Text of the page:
One of the reasons I grew up wanting to be in films, or work in them, was somewhat tied to the fact that I would get to travel all over the world shooting movies. The reality that not everything is at it seems hit home only last week, when I was asked to be a “featured extra” in the movie South Dakota, which was being filmed in Iowa, for a scene that takes place in Philadelphia. (how is that for convoluted?)
Thursday was the big day, and my call time was set for 8PM at the Spaghetti Works in Downtown Des Moines. In the morning I received a call from the extras casting people that it had been moved up to 5pm, so I left work a little bit early to get there at around 4:30PM. I parked my car at the Iowa Cubs parking lot, and took one of the production shuttles downtown to Java Joes, where they were going to be having dinner.
I met a few people from the production, including the extras people, and also met my co-extra, Randy from Waukee, who went through the dinner line with determination. I however, decided not to go through the line, mainly since I was nervous about driving the Mercedes, worrying if it was a manual transmission. (Hey, I don’t know cars.) Eventually the entire crew filed in, ate, and one by one went back to the set to continue working. Randy and I remained at the table we were sated at, and eventually it was just us and two other people who we would come to know as “good looking couple.”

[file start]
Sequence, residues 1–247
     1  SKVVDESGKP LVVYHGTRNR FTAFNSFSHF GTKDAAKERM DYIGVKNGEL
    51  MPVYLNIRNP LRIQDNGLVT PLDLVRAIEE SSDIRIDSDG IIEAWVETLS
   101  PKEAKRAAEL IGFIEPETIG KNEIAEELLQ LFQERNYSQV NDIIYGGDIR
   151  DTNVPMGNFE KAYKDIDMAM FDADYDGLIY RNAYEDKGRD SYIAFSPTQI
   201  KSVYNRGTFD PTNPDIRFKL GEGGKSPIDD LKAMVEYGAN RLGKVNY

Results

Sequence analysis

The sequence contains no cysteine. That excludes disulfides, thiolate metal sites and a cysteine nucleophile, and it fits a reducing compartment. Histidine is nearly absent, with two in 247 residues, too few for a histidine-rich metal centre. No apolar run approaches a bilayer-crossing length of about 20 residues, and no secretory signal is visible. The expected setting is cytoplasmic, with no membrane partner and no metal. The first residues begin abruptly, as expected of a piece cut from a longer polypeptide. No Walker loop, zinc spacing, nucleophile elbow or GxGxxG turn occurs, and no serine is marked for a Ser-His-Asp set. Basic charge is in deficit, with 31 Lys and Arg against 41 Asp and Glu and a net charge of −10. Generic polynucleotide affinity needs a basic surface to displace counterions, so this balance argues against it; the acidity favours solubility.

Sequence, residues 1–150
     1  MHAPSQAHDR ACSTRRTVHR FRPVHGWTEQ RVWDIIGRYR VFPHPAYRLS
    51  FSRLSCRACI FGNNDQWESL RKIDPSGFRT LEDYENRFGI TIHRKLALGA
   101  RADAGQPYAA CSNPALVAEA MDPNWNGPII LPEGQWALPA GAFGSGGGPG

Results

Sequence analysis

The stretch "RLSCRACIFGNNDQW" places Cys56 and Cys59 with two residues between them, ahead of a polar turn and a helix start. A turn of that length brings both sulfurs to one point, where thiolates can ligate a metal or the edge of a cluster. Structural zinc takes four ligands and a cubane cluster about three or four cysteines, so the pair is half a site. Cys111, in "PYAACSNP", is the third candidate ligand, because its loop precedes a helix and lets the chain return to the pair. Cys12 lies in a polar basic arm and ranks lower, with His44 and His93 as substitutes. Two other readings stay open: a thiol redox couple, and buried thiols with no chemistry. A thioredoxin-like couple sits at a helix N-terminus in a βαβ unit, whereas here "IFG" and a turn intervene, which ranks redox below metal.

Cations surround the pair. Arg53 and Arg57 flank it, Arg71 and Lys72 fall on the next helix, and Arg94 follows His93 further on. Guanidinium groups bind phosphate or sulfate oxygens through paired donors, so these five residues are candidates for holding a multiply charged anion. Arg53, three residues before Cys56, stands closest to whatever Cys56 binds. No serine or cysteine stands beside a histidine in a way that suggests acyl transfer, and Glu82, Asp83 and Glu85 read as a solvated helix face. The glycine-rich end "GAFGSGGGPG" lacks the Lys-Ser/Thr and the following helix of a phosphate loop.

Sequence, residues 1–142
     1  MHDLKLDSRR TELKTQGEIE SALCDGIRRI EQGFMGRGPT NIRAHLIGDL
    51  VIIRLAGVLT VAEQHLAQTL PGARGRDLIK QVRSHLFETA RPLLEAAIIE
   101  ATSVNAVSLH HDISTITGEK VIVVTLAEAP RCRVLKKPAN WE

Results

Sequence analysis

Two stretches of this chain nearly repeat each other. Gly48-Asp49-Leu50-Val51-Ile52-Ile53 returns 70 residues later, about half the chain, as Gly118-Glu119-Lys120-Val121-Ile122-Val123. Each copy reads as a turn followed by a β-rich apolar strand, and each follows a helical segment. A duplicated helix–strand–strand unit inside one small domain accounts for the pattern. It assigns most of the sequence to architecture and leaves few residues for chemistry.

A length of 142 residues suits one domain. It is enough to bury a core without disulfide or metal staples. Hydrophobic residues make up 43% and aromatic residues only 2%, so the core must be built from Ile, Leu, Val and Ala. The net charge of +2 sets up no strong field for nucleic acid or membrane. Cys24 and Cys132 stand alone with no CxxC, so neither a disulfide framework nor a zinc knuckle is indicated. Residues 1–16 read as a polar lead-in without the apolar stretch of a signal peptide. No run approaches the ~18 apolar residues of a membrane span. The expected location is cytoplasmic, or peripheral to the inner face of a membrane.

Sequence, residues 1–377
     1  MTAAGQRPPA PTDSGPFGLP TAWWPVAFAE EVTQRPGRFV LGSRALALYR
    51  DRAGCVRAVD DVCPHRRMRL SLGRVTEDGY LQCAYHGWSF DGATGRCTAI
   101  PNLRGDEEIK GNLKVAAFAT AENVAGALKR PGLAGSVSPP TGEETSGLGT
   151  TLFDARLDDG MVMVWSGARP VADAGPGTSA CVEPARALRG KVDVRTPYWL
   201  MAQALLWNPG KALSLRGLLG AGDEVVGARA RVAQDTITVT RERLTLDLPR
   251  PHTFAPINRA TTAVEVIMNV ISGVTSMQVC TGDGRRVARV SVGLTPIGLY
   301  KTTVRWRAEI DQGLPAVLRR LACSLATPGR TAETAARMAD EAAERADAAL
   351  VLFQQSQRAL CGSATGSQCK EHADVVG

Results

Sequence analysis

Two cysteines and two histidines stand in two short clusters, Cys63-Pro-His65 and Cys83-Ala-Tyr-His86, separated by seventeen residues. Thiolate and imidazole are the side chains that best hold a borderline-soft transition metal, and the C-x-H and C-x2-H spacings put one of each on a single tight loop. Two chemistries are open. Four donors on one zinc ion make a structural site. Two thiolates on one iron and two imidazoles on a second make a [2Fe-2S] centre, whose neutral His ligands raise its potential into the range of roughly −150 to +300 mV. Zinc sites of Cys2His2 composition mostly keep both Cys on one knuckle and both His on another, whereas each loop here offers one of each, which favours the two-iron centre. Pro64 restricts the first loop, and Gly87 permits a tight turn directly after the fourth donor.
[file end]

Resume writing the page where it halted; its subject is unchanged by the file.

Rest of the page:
Over the next few hours, Randy and I would talk with Good Looking Couple about a variety of subjects, just trying to stay awake as another hour ticked off the clock. It was cold and rainy, but at least we were dry and warm sitting in the Fourth Street Theater adjacent to Java Joes. At around 9PM, we were told to go to the set, so we took off down the street.
Did I mention Randy and I were supposed to be “Mafioso?”
When we arrived at the set, my fears were calmed by the director telling Randy that Randy not only had to smoke a cigar, but would be driving the car. I had mixed feelings, as this obviously meant Randy was the main subject of the scene, but hey, that can be a good thing too. So over the next 2 1/2 hours we repeated a sequence of coming out of the restaurant, me opening an umbrella and locking the door, us both getting into the Mercedes, him dropping a cigar, and us driving off.
It was fun to be on a movie set again, and it is very contagious. The police had set up barricades on Court avenue, and at times there was a crowd standing there, wondering what was going no. It was an interesting feeling having a crowd watch *you* doing a scene, then watching you get out of a car, wondering if you were “somebody.”
When we were done, I had to turn in my overcoat and shoes that were provided by the costume department in order to get my payment voucher. I took the shuttle back to the parking lot and thankfully made it home without falling asleep.
All in all, filming South Dakota really felt like working on a production in Los Angeles again. Both it and Duck Farm No. 13 were fun, but it was evident that South Dakota had a higher budget. I think I read somewhere that Duck Farm No. 13 had $250-$500,000 budget and South Dakota is 2.5-$3 million. Iowa is getting a lot of motion picture action lately due to increased tax incentives for production. No doubt about it, as long as they want me to keep being in them, I’m always available… unless it’s a major crowd scene.
Just not interested in doing those any more. But luckily there are always others who are willing to.
So major thanks to Deb Copeland of Copeland Creative Talent for the opportunity to work on the film for the day.
I’ll keep you posted on the release dates, etc as I can.